Monday, August 15, 2011

Musings and Reading Notes

If you know me personally you know I am caught between two worlds. I work in a technology field that requires I know a lot of various hardware and software. At the same time, I like reading a real book in my leather chair with a Scotch poured neat and enjoy a fine cigar from time to time. Real books provide me a feel and comfort not afforded by electronic versions.

That said however, I do for most part read books related to Forensics and technology on my IPad with the Kindle app. It gives me access to a lot of information and reference in a small package wherever I am.

I am currently actively reading or rereading 3 such books. Mt method of "reading" was cultivated years ago from the book, "How to Read a Book" by Mortimer J. Adler and Charles Van Doren.  I have managed to "import" most of this method into Kindle reading. It is a book I would recommend for everyone who reads or wants to read seriously and deeply.

One of my current project books is "Perl Scripting for Windows Security" written by Harlen Carvey of blogging fame. I use Perl frequently for scripting and to write ProScripts to use with ProDiscover. Having used Perl for sometime, I am always looking for ideas and inspiration on HOW and WHEN to use it, not just how to write it. This book certainly fits that niche. Part II on Perl Scripting and Computer Forensic Analysis certainly fit the bill for what I need day to day, and I have experimented and learned some new things with SAMParse and UAssist.pl. I was surprised to see ProScripts mentioned in the book as well. This is a book I will use as a reference for a long time. I suggest it to anyone with a good grounding in Perl who wants to get unchained from or add to their commercial software. If you are a ProDiscover user it should be a part of your library because ProScripts can take your ProDiscover usage nuclear.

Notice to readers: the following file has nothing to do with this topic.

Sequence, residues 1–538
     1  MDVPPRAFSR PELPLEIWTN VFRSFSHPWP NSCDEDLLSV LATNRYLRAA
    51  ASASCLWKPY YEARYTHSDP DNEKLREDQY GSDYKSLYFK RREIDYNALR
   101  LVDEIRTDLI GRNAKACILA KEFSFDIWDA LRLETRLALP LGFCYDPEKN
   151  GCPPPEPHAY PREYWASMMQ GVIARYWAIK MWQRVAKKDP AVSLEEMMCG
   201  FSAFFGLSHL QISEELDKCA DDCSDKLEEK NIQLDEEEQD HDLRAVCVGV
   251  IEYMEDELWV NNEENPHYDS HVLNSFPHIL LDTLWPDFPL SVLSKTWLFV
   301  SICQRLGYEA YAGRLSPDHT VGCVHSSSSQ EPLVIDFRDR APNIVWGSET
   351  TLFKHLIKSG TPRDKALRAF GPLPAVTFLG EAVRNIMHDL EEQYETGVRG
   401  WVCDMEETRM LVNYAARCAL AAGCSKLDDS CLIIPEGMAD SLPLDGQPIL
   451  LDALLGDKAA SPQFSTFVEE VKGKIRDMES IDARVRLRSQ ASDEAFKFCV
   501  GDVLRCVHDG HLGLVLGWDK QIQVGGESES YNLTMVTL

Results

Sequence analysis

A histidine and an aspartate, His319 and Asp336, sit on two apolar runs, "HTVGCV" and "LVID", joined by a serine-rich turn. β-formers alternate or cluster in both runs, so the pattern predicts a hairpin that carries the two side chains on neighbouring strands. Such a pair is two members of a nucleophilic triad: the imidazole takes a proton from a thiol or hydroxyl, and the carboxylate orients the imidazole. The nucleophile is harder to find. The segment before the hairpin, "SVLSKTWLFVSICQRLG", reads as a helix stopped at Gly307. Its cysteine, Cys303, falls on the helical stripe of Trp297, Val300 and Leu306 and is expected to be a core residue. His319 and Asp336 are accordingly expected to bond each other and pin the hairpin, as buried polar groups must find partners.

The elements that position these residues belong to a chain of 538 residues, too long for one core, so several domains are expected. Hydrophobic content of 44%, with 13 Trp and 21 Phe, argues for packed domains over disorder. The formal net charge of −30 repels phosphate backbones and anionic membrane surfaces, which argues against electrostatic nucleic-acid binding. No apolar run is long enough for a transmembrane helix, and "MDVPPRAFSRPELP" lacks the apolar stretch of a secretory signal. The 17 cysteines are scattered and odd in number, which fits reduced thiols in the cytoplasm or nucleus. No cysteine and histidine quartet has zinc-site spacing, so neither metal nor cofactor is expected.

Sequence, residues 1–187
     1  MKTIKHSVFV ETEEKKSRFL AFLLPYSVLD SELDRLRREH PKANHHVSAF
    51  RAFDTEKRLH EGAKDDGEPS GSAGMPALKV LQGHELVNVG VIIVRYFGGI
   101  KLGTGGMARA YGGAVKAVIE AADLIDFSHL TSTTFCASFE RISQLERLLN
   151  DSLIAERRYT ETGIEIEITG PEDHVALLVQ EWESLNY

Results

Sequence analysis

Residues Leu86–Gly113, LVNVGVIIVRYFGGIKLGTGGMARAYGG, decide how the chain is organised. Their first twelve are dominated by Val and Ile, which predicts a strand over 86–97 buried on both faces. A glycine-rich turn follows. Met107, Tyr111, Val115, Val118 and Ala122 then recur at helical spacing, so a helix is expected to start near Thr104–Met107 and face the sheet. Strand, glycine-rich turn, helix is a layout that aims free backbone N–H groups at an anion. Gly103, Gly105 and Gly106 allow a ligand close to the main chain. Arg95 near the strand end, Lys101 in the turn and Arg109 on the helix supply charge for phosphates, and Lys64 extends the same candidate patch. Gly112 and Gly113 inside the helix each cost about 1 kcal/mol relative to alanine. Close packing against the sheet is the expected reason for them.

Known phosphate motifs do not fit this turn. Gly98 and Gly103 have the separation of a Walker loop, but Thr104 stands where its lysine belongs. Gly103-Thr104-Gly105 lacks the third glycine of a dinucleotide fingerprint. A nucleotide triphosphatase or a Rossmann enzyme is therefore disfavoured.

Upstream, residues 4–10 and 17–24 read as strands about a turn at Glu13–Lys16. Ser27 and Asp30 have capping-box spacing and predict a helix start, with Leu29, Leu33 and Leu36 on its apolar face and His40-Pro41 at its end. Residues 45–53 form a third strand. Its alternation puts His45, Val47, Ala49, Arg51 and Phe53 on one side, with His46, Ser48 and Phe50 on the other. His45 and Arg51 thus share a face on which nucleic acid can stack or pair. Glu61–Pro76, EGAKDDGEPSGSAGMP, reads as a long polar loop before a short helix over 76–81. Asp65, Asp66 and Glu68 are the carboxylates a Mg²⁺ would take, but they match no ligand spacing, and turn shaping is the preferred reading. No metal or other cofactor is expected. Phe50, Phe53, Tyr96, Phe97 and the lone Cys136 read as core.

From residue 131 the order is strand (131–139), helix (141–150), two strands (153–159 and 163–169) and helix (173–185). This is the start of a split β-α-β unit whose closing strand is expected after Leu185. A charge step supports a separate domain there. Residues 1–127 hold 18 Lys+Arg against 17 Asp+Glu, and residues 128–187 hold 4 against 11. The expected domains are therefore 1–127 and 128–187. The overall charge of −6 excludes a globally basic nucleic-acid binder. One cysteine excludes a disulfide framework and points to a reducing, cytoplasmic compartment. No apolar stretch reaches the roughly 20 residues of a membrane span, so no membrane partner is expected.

Harlen gets another nod, albeit secondary to Cory Altheide, for Digital Forensics with Open Source Tools. I made the "mistake" of reading an impression of this book this morning over at TaoSecurity and I'll try not to repeat it from familiarity. This book certainly fits the bill for unchained forensics.  I am in my third reading, and my deepest practical work through of the book. I have to say I find it not for the faint of heart. If you do not want to get dirty with Linux and Open Source this isn't for you. It's not in my opinion a book you can read through and pick up a few things that might interest you. This is a practical usage book that begs for practice and experimentation. I had some difficulties with the jumps it made, just like Richard, and I had to overcome the different paths my version of Ubuntu used from the book. That in itself was a great learning experience, but it set me up for a great ride through the rest of the book. I plan on a post in a couple of weeks to go through some of the examples and how i practiced and implemented them.